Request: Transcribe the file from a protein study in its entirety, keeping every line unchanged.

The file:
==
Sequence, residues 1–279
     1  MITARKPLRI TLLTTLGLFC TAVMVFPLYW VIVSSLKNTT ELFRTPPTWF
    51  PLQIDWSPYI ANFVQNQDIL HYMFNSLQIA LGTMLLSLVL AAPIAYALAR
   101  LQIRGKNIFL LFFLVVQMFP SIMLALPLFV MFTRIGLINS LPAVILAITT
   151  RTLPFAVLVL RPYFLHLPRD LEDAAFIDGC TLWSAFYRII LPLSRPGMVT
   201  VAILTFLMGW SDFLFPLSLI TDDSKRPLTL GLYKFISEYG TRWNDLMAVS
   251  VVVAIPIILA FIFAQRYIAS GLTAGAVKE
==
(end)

Sequence, residues 1–279
     1  MITARKPLRI TLLTTLGLFC TAVMVFPLYW VIVSSLKNTT ELFRTPPTWF
    51  PLQIDWSPYI ANFVQNQDIL HYMFNSLQIA LGTMLLSLVL AAPIAYALAR
   101  LQIRGKNIFL LFFLVVQMFP SIMLALPLFV MFTRIGLINS LPAVILAITT
   151  RTLPFAVLVL RPYFLHLPRD LEDAAFIDGC TLWSAFYRII LPLSRPGMVT
   201  VAILTFLMGW SDFLFPLSLI TDDSKRPLTL GLYKFISEYG TRWNDLMAVS
   251  VVVAIPIILA FIFAQRYIAS GLTAGAVKE